Bitcoin is up 83% year to date against the peso as the currency devalues on a weekly basis.
Argentina’s annual inflation rate surpassed 100% in February, marking a 30-year high since the nation’s hyperinflationary period in 1991.
Meanwhile, Bitcoin has appreciated against the Argentine Peso by 20% over the past year, despite posting a 34% drop against US dollars over the same period.
- Government data released on Tuesday showed a Consumer Price Index (CPI) increase of 6.6% across the month alone, alongside a 13.1% year-to-date rise.
- The rapid debasement of the nation’s currency can be felt in real-time by its citizens. Irene Devita, 74, told the Guardian that her community is struggling to afford anything as they endure surging costs that rise weekly.
“The other day I came and asked for three tangerines, two oranges, two bananas, and half a kilo of tomatoes. When he told me it cost 650 pesos [$3.22], I told him take everything out and leave just the tomatoes because I don’t have enough money,” Devita said.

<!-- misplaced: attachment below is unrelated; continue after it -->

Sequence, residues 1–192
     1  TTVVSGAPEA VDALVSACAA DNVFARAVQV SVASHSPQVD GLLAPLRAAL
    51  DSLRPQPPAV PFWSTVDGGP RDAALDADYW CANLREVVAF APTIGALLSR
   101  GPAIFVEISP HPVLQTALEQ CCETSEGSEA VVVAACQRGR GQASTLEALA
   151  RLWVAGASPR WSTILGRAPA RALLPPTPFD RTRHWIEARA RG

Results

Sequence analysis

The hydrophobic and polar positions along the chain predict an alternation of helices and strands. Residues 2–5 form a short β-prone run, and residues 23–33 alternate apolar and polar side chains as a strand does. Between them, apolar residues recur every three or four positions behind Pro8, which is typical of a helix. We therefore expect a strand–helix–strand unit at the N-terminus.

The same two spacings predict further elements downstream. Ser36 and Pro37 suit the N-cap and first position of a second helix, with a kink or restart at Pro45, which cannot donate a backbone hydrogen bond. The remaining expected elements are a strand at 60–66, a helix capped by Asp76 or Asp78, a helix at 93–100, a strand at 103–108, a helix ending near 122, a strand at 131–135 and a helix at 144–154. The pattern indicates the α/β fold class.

- Argentina had one of the top ten highest inflation rates in the world in 2022 – and has nearly doubled from last March’s rate of 55.1%.
- The region also has a relatively high crypto adoption rate, ranking 13th in Chainalysis’s 2022 crypto adoption index, despite the nation’s central bank clamping down on crypto-related services.
- Nigeria and Turkey led Argentina in that same index – countries that also face troublesome inflation that only serves to boost crypto adoption. Due to its fixed supply, Bitcoin bulls often regard the asset as a long-term inflation hedge.
- On the contrary, central Banks overseeing relatively stable currencies, such as the Bank of Canada, argue Bitcoin is not an inflation hedge due to its relative volatility.
- Bitcoin reacts strongly to central bank policy, however: the asset is up 30% this week after the Federal Reserve injected $300 billion in loans to qualified banks.